To lead a Magnet Place (‘I’d love to be there, work there’, ‘I’d love to be part of it’, ‘I wish I could have him/them as my boss(es), I wish I could work in that company/that division’) is a privilege. The goal to create places that are magnets, is the most noble goal of leadership. To achieve it, to have created one, is the ultimate test of leadership success’
We live in a push and pull world ( see my book Homo Imitans) where in pull terms we are ‘pulled by other people’s behaviours’. With our own behaviours, we pull others to us. We are sophisticated copying machines, for good or bad. Organisational cultures are similarly spaces and places of pull (or rejection). To attract people is a blessing. To attract them emotionally, not only in terms of perks or benefits, the ultimate goal as well. The test I ask my clients to run is simple: how many people do you have in the queue wanting to join (your division, group, company or simply team?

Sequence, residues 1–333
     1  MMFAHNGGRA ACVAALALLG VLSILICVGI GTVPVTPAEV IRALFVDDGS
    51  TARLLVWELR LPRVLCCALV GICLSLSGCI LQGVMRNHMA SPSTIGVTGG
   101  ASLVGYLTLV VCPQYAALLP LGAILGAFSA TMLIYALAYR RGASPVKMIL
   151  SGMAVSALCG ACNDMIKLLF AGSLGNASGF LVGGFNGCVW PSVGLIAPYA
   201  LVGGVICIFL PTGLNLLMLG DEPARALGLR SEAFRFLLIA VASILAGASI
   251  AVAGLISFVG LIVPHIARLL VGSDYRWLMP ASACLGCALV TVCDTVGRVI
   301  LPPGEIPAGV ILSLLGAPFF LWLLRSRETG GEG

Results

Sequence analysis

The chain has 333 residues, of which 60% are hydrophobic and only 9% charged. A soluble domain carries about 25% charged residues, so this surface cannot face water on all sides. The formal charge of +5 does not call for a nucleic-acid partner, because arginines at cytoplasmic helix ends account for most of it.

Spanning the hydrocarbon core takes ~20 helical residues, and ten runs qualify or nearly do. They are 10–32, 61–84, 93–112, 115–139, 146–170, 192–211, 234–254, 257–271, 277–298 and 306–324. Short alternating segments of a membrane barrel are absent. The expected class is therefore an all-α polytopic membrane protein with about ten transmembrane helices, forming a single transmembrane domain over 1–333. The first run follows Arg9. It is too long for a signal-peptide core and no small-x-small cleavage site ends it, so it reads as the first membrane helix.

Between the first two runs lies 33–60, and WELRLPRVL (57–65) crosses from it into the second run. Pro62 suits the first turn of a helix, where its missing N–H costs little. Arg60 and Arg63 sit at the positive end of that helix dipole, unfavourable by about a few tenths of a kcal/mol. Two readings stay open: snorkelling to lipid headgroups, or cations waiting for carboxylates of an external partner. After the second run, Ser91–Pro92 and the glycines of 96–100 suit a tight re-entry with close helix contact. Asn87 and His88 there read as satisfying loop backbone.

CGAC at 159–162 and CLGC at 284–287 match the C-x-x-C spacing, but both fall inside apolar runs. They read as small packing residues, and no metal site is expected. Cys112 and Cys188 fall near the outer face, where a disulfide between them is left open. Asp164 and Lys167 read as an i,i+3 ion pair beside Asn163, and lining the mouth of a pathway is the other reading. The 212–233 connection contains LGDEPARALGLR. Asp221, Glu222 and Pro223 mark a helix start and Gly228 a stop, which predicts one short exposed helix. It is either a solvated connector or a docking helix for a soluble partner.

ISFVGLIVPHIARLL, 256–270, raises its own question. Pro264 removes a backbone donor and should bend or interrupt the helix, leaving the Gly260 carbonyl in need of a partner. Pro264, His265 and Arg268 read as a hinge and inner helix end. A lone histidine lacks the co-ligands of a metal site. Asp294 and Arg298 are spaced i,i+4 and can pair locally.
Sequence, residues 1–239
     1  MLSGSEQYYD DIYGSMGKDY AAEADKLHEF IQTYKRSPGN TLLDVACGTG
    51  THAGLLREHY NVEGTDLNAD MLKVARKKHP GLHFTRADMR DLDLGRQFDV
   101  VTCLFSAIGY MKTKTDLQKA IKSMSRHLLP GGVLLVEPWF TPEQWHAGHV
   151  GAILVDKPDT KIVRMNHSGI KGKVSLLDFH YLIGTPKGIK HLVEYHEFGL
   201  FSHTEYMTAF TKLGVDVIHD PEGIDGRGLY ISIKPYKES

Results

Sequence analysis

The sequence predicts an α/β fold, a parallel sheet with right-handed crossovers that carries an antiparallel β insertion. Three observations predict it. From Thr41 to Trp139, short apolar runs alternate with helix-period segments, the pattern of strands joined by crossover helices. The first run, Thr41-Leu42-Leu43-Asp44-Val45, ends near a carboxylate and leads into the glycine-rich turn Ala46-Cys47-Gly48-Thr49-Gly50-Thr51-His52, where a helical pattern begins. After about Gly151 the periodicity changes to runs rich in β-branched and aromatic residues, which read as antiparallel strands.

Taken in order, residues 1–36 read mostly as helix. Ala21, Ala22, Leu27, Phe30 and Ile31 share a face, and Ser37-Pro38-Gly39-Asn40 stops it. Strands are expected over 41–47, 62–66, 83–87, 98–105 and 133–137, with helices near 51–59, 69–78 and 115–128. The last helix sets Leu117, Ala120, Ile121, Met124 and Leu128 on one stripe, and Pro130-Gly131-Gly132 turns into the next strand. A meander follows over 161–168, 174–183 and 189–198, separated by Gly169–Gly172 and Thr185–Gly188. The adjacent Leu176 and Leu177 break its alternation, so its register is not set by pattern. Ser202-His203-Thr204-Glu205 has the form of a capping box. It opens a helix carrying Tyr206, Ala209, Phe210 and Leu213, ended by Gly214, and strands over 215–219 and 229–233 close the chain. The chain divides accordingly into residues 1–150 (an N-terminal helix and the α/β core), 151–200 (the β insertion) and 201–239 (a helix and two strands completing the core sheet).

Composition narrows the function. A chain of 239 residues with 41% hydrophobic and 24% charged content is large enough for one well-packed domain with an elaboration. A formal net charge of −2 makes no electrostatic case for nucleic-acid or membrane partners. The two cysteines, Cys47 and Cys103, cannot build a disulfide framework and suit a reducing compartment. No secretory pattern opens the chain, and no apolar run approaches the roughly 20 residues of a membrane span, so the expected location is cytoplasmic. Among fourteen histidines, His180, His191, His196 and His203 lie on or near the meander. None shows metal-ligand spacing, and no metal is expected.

When I ask the question, and once my clients understand I am talking seriously, not just using a semantic trick, the answers vary from ‘I don’t know’ to ‘good question’, which is in itself an answer for when you don’t have an answer.
Magnetism should be a feature of our organizational cultures. And we should have an index for it. Perhaps the ‘People-in-the-queue’ Index.
Many people say that once of the reasons they joined a particular company was then type of people they met at the interview process. Hardly a surprise in itself, but it is usually expressed as ‘ a bit of revelation’, that extra element that made them decide.
Your level of magnetism is a good index. It may be that you are in a particular situation of the life cycle of the company that does not sound too magnetic. Don’t despair, but ask yourself what would it take to be magnetic, perhaps be magnetic again.